4. Ann Harris, condemned for breaking open a Chest of Drawers in Mr. Newell's House, her Master, and going away with several things that were in it. She all-along deny'd her breaking open that Chest; but confess'd, That finding it unlock'd, she took out of it 16 Guineas, a Silver Watch, 6 Silver-Spoons, 3 Tea-Spoons, a Halfcrown & 6d. in Silver; That she carry'd all these Things to a certain Woman, with whom she lay in Southwark, after she had committed this Robbery (which she said was about 10 Months ago:) That both she and that Woman went then to Portsmouth, and there sold two of those Spoons at a Goldsmith's Shop, and had 20 s. for them: That the said Woman her Accomplice (for she knew what she had done) let her have 15 s. and no more, and then gave her the slip, and went away with all the rest; she not knowing whither, otherwise than that she heard she was gone to Plymouth. Upon which this Ann Harris returned to her Friends who liv'd at Canterbury, and from thence came to Dulwich, where she was known and apprehended. She said, she never was guilty of any ill thing before (meaning such a Fact as deserved Death by the Law) and that she had behaved herself well and honestly in several Services she had been in about London, for 12 years together; viz. first with a Ginger-Bread-Baker in Aldgate; Then at a Victualling-House in Horsey-down in Southwark: And afterwards at another Victualling-House in Bedford-bury in St. Martin's in the Fields; at each of which Places she stay'd about 4 years, and never wrong'd any of her Masters; till she came to live (about a Twelve-month since, or something more) with Mr. Newell in the Hay-market near St. James's, where she had not been two full Months before she stole the Things above-mention'd out of her Mistress's Chest of Drawers. She told me, that she was abont 31 years of age, born of very just and honest Parents at Canterbury; and, That she little thought once, that she should ever come to do such a thing as should bring her to such an untimely and shameful End; But Opportunity and want of Grace had let her fall under this Temptation. She wish'd others might take Warning by her, and avoid all manner of Sin, lest one single Fault should prove their ruin, as it do's hers, who could not charge her self with any thing (besides this Crime) that the Law of Man could punish. But she acknowledg'd at the same time, that God was just in all his Dealings with her; for she had not lov'd and serv'd Him as she should have done.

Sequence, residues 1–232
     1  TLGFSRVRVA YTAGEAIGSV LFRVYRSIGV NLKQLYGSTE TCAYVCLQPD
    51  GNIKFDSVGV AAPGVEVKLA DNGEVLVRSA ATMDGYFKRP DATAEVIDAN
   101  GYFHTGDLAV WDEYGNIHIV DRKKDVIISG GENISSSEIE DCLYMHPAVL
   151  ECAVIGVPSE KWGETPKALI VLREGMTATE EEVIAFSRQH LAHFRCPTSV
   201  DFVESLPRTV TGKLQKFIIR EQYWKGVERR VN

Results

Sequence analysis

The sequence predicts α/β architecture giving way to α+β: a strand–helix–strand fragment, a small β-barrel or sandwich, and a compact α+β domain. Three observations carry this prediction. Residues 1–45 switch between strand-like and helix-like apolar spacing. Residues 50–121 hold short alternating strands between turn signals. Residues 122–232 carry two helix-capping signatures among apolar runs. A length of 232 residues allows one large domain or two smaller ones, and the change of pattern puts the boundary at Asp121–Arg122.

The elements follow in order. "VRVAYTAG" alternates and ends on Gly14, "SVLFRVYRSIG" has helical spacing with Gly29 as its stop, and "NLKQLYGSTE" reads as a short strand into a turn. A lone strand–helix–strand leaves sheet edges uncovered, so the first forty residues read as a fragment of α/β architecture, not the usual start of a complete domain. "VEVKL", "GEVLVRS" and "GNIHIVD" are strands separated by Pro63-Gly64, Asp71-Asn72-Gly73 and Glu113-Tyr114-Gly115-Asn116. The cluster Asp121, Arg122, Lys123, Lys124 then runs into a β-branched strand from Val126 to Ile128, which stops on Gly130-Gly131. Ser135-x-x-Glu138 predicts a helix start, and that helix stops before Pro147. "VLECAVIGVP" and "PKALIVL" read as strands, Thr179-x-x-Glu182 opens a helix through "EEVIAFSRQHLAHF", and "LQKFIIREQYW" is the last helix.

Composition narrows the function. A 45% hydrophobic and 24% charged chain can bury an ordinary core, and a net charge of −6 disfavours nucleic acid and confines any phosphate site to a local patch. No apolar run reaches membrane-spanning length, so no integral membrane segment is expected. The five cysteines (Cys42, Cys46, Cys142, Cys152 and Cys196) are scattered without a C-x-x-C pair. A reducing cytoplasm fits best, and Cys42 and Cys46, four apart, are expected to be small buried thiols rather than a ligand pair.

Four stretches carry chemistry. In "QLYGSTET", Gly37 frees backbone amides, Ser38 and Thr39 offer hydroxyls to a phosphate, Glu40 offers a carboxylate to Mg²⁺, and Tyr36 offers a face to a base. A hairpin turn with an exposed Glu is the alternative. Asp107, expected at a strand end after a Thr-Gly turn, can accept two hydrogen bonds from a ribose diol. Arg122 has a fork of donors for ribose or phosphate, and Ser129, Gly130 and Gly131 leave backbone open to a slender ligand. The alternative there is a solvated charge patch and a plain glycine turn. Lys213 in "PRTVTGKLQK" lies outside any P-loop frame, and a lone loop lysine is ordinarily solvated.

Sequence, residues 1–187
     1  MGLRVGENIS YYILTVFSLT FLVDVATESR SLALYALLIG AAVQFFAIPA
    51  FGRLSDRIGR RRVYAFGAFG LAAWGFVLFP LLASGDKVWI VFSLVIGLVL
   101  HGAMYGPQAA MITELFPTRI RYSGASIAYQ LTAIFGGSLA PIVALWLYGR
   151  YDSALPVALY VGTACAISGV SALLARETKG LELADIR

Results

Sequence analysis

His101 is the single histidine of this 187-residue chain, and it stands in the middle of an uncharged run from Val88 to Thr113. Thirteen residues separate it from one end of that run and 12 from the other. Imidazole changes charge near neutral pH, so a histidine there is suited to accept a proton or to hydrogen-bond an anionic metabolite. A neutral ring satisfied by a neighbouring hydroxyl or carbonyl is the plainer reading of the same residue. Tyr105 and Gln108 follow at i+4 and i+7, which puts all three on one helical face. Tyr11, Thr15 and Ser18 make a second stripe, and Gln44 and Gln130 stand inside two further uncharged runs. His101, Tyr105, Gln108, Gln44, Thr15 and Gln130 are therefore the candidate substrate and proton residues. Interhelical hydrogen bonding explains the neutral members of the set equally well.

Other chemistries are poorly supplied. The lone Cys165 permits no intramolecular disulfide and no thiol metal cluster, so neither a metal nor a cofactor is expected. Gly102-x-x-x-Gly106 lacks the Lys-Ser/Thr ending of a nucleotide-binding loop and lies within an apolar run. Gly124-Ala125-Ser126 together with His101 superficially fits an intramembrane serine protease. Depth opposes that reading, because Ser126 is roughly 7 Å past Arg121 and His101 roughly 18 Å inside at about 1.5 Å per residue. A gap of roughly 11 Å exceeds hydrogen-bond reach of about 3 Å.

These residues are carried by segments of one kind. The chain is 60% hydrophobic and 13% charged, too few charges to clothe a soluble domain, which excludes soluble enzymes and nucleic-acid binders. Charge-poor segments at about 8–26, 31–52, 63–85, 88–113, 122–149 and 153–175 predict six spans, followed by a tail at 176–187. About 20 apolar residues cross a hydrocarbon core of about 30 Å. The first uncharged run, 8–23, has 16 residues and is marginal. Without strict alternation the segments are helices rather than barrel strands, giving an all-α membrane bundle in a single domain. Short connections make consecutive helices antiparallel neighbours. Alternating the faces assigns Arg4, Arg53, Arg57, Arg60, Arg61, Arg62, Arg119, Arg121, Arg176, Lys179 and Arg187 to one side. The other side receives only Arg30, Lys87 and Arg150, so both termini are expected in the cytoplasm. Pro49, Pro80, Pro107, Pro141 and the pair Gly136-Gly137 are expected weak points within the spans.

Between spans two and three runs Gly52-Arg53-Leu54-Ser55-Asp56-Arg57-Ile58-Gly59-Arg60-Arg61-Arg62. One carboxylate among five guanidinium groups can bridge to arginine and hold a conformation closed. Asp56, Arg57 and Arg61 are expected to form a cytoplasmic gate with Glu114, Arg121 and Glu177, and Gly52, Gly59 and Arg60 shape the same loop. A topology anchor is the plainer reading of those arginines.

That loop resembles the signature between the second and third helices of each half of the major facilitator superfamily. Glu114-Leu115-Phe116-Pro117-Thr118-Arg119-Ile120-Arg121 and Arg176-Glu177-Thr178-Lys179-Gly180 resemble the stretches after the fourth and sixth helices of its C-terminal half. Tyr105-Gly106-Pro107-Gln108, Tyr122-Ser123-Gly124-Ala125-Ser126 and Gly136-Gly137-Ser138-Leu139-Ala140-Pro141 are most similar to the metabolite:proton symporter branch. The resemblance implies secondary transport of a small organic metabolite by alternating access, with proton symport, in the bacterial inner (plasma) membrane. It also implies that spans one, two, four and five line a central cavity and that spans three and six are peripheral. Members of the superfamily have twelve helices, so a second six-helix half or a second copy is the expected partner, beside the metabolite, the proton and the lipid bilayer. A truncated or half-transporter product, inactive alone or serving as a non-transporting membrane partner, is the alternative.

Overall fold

This Consideration was now Matter of Grief to her, as it was also to the rest: Who wish'd (all of them) that they had spent their time better; That they had done more good and less evil.

In this disposition they seem'd to be very cheary to spend their time in Prayers and Meditations, and shew'd a great desire to obtain God's Pardon and Eternal Life.

This day being come, which was appointed for their Execution, they were carry'd from Newgate (in two Carts) to Tyburn, where I attended them, and dischag'd my Ministerial Office to them for the last time. I pray'd and sung some Penitential Psalms with them, and made them rehearse the Apostles Creed. I exhorted them to stir up their Hearts and Affections to God more and more, and earnestly to call upon Him for Mercy; which they did, and seem'd to be earnest therein. They desir'd me to speak for them to the Spectators, That they would take Warning by their Fall, and pray for their departing Souls. Which done, we return'd again to Prayer, and after some further time spent in it, I withdrew from them, commending them to GOD's unbounded Mercy and Grace, and so left them to their private Devotions, for which they had some few moments allow'd them. Then the Cart drew away, and they were turn'd off, all the while calling upon GOD to receive their Souls.